extent of their personal isolation whether by reason of age, infirmity,
social and family circumstances or where they live in relation
to the services they require.
Personal life styles are not improving amongst
the poor; smoking, drinking alcohol to excess, use of narcotic
drugs and obesity is not being tackled and the community environment
for the poor is dirty, unkempt, littered, threatening, often derelict
and depressing to the human spirit. The contrast in environmental
quality across society is offensive.
The stress on addressing poverty through governance
is welcomed but is proceeding slowly and mainly through the stimulus
of work, much of which is very low paid casual and part time.
Benefits are improving only slowly and are clearly too low for
us to be optimistic about the health chances of the children of
the poor. Such children, as seen daily by our members, too often
live in squalor, dereliction, disrepair and lacking adequate warmth,
food and intellectual stimulation.
We are not denying the importance of good quality
medical services, they are vital for those whose health status
falls for whatever reason. We are arguing for greater emphasis
on removing and regulating those things in life, which inevitably
determine whether and when we need medical intervention in order
to restore us to good health.
We believe that responsibility for maintaining
and improving public health is a joint, multi-agency issue but
with statutory responsibility being placed firmly on local authorities
and local "health" authorities.
Some regulatory developments are welcomed; the
establishment of the Food Standards Agency in particular and an
expressed desire for better governance of health and safety at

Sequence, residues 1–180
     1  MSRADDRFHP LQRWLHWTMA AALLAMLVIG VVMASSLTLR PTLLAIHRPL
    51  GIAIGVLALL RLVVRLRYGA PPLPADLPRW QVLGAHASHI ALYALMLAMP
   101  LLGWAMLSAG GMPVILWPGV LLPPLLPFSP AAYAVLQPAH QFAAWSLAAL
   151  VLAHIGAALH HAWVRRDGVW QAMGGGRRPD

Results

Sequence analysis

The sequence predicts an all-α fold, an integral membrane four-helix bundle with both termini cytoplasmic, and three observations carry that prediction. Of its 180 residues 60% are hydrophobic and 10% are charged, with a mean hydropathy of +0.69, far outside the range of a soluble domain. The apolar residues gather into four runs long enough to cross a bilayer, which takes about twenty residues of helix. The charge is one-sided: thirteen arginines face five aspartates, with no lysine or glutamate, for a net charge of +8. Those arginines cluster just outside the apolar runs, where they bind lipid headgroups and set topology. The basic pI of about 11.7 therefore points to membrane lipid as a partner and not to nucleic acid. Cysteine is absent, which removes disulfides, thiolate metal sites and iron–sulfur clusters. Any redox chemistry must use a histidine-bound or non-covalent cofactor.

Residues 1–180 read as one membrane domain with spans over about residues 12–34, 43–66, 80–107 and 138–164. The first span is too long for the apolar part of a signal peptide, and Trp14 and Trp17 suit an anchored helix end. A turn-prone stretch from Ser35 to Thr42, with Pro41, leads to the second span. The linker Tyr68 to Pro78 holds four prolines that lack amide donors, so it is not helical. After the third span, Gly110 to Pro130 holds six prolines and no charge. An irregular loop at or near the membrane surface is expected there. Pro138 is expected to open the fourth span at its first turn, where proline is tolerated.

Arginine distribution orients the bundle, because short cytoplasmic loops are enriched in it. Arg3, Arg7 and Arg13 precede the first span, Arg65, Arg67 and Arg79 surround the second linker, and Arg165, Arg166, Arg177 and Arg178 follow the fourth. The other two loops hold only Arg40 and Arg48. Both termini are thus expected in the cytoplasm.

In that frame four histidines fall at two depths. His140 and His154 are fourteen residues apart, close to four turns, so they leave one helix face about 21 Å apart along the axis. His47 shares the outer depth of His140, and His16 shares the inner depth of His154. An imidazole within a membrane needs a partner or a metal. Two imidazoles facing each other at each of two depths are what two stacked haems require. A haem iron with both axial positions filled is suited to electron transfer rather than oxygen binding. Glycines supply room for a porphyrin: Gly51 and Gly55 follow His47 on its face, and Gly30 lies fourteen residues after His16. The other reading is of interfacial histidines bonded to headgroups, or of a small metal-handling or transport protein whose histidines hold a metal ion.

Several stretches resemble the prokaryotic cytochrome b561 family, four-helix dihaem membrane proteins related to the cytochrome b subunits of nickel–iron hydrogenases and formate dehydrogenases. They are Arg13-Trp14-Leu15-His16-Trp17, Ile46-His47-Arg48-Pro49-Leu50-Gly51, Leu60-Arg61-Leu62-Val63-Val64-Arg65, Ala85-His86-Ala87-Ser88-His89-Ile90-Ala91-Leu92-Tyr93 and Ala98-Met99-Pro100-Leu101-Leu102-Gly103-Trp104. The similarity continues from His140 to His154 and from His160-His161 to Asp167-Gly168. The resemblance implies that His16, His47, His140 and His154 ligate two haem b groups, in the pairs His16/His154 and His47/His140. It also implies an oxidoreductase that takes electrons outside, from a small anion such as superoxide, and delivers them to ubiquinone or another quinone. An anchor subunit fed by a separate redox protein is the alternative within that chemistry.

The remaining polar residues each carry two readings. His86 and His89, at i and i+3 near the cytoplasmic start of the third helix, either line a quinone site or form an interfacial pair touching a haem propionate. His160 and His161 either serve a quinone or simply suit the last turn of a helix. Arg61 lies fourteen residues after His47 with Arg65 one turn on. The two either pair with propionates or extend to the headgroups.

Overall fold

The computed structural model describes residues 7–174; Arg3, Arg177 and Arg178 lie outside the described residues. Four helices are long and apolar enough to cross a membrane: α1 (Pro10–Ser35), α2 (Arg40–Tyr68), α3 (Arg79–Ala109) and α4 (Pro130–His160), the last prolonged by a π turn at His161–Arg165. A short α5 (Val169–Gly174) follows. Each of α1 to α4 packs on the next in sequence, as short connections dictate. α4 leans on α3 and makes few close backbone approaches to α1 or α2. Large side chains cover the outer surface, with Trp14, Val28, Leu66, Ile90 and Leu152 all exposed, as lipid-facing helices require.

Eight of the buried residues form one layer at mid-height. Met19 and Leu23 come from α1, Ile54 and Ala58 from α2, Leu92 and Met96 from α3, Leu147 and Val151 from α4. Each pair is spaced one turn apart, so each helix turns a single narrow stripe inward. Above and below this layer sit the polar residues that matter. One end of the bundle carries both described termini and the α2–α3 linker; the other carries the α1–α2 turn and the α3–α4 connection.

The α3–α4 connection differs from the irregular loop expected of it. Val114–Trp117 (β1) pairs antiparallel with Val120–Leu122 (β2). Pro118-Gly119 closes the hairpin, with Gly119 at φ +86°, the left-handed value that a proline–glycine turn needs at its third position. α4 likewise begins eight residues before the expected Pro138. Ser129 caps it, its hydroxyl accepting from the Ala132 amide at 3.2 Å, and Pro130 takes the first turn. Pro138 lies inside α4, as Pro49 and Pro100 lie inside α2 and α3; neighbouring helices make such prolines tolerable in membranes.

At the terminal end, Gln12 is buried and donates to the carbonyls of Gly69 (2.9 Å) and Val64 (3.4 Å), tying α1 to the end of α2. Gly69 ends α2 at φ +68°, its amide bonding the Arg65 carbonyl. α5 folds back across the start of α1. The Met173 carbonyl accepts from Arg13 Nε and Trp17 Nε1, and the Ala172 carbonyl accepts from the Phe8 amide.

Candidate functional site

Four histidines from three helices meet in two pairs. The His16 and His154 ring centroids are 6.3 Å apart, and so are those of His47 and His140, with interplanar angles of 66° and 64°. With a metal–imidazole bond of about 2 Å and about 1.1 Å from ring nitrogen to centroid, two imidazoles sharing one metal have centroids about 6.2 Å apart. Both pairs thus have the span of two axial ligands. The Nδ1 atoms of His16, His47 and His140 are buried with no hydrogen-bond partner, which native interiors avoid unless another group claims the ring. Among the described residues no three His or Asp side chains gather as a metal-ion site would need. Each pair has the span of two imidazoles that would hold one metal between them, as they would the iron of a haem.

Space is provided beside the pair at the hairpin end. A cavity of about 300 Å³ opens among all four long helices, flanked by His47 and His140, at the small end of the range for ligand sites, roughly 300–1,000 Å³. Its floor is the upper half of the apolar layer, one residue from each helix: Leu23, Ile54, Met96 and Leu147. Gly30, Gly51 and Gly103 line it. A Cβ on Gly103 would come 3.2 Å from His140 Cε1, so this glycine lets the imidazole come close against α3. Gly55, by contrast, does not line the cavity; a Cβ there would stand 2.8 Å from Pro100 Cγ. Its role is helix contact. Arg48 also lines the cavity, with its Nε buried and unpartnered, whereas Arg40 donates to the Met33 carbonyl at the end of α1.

work. It remains to be seen whether some of the issues about which
we have campaigned for many years are finally addressed however,
eg licensing of food premises, certified training of food handlers
and food premises management, licensing of houses in multiple
occupation, adequate standards of housing.
Many needs are not being addressed eg housing
standards are deteriorating for the poor and little is being done
to improve public transport leaving many poor people isolated
socially and economically. Environmental standards in our towns
and cities remain a disgrace for a wealthy country and we are
undoubtedly slipping down European league tables on issues such
as litter, graffiti, fly tipping, recycling, potholes in roads
and uneven pavements. We are convinced that such environmental
issues have a health impact on the poor, physically and mentally
and degrade the society essential for healthy communities.
The health white paper was virtually silent
on preventive health although the impact of bodies such as the
HDA, Regional Observatories and Workforce Plans could make a beneficial
impact in the long term. We will be pressing for recognition of
the benefits of Environmental Health in the work of these bodies
We are aware that our comment on the issues
you have requested are not in the main founded on solid evidence
based work. They are comments and views based on our involvement
in public health policy development over the last three years
and the perceptions of colleagues in the field. As such we believe
they have as much validity as any empirical evidence. We are concerned
that as a county we are losing our way, tangled up in administration,
bureaucracy, lack of co-ordination and the wrong conceptual illness
based model. We believe that with a revised model for delivery,
better clarity between the various agencies that deliver public
health and a wider understanding of the roles of others, greater
advances can be made. The CIEH is committed to that aim and wish
to be amongst the vanguard of those who can take positive action
to achieve wider improvements in public health as such we would
be pleased to address the Committee on these matters.
We are sharing our evidence with the many bodies
with whom we ally ourselves in seeking to improve public and environmental
health. We refer in particular to:
The Royal Environmental Health Institute
The Environmental Health Officers
Association of EIRE;
The UK Public Health Association;
The Common Agenda Group on Public
The Royal Institute of Public Health
and Hygiene and Society of Public Health;
The National Society for Clean Air
and Environmental Protection;
The Faculty of Public Health Medicine;
The Chartered Institute of Housing;
The Institute of Wastes Management.